mkdir -p /var/log/fpm-php/bludit
mkdir -p /var/lib/php/session.bludit

To work comfortably with Bludit CMS, you need to update the ownership and permissions for two folders. This is so that only PHP-FPM Bludit processes can write to them

chown bludit:bludit /var/log/fpm-php/bludit
chmod 700 /var/log/fpm-php/bludit
chown bludit:bludit /var/lib/php/session.bludit
chmod 700 /var/lib/php/session.bludit

Please check your configuration now. It is the new one:

php-fpm -t

Then, finally, you can run PHP-FPM

systemctl start php-fpm.service

Bludit CMS Installation

First, you need to download the Bludit source archive. This can be done both on the main site and via the link:



Unpack the archive file

tar xzf 3.13.1.tar.gz

After successfully unpacking the archive, make bludit as the owner of the source folder

chown -R bludit:bludit bludit*

Next, you will need to move the source code folder to the folder that is specified as /var/www/bludit. This is required insofar as usually the website source folders are located in this /var/www folder

mkdir -p /var/www
mv bludit* /var/www/bludit

Nginx Installation

For your Bludit CMS to work properly and comfortably, you need to install an Nginx web server. This will help make your work worthy and enjoyable! In order to install Nginx on your CentOS virtual server, enter the following command:

yum -y install nginx

It will be great if your web server is always up and running. This can be done using the following command:

systemctl enable nginx.service

This CMS will request a new configuration file and of course you will need to create it. This can be followed as follows:

nano /etc/nginx/conf.d/bludit-http.conf

Next, after successfully creating a configuration file for your Bludit, you need to edit it. To do this, you need to supplement it and replace domainexample.com with the domain name or IP address of your server:

server {
  listen 80;
  listen [::]:80;

  server_name domainexample.com;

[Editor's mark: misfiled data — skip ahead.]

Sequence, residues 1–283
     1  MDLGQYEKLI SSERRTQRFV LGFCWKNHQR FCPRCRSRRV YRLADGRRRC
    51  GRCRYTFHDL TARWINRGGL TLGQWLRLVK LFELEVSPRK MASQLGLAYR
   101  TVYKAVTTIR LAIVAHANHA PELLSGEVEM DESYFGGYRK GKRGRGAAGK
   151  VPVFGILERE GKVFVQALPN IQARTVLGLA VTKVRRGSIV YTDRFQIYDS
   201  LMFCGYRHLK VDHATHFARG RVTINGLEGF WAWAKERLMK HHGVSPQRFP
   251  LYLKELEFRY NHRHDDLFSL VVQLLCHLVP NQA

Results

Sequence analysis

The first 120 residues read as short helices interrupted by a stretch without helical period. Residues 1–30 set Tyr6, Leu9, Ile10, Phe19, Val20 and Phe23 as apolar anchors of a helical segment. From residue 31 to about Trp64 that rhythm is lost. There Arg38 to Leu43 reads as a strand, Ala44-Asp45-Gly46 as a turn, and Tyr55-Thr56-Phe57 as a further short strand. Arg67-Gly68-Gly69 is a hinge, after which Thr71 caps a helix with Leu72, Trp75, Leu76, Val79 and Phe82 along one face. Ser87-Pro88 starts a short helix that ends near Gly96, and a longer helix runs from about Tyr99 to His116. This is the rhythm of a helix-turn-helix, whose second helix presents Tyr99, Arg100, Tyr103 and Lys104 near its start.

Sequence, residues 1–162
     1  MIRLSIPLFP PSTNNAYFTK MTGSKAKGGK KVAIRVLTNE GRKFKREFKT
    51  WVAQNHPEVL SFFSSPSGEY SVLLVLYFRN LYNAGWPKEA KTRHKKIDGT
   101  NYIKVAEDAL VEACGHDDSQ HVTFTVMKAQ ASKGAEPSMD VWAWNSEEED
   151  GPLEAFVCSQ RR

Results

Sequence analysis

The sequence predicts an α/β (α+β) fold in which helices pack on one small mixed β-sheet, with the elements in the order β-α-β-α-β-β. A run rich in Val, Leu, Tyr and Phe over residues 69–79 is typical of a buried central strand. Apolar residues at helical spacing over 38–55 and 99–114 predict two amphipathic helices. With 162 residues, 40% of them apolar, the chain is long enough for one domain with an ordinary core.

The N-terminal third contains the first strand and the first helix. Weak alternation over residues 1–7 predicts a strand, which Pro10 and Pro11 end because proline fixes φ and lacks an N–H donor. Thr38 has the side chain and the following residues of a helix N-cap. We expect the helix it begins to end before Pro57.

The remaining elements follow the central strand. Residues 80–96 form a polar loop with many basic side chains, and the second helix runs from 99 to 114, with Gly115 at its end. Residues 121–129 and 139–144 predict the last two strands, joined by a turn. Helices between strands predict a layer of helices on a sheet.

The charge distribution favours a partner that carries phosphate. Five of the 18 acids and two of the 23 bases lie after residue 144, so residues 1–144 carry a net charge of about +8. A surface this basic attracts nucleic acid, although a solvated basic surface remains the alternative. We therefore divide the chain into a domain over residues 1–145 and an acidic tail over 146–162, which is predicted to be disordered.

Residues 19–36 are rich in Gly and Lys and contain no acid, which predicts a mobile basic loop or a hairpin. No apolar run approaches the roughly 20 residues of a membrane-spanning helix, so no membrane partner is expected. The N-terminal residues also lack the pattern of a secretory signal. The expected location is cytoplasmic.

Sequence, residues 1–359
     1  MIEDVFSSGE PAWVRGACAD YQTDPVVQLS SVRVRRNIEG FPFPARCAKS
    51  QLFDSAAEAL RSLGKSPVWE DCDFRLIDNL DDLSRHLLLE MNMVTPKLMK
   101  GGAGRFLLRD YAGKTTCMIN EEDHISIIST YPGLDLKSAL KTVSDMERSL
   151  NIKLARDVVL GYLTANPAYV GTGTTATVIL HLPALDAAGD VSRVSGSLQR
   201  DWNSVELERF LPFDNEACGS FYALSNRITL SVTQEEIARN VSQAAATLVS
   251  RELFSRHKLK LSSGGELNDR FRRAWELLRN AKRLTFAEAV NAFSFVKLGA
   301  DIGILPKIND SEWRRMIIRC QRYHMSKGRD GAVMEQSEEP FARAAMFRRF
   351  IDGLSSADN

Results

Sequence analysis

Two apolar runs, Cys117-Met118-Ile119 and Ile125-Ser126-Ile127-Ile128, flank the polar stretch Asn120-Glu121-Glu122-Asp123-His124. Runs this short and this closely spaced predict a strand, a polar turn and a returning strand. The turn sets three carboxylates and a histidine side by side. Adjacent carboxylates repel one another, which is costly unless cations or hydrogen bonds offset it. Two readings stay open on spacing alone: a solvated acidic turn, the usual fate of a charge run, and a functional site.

root  /var/www/bludit;
  index index.html index.php;

  # All URLs are processed by index.php
  location / {
    try_files $uri $uri/ /index.php$is_args$args;

  # For security, deny direct access to the following folders
  location ^~ /bl-content/databases/ { deny all; }
  location ^~ /bl-content/workspaces/ { deny all; }
  location ^~ /bl-content/pages/ { deny all; }
  location ^~ /bl-content/tmp/ { deny all; }

  # For security, deny direct access to PHP files inside the "bl-kernel" folder
  location ~ ^/bl-kernel/.+\.php$ { deny all; }

  # Pass PHP files to the FastCGI server listening on
  location ~ \.php$ {
    # Mitigate https://httpoxy.org/ vulnerabilities
    fastcgi_param HTTP_PROXY "";

    fastcgi_index index.php;
    include fastcgi.conf;

  # Set expiration of assets to MAX for caching
  location ~* \.(jpg|jpeg|gif|png|css|js|ico|svg|eot|ttf|woff|woff2|otf)$ {
    expires max;
    log_not_found off;

After that, it is very important to save the changes in order for them to take effect. Then you can check your new configuration. There is a very simple command for this:

nginx -t

Since you made the changes, now you will need to start your web server service with the start command:

systemctl start nginx.service

You need to update your firewall in order for incoming HTTP and HTTPS requests. It needs to take over and succeed on your web server

firewall-cmd --permanent --zone=public --add-service=http

The last step is to reboot. This is required for your current firewall session.

firewall-cmd --reload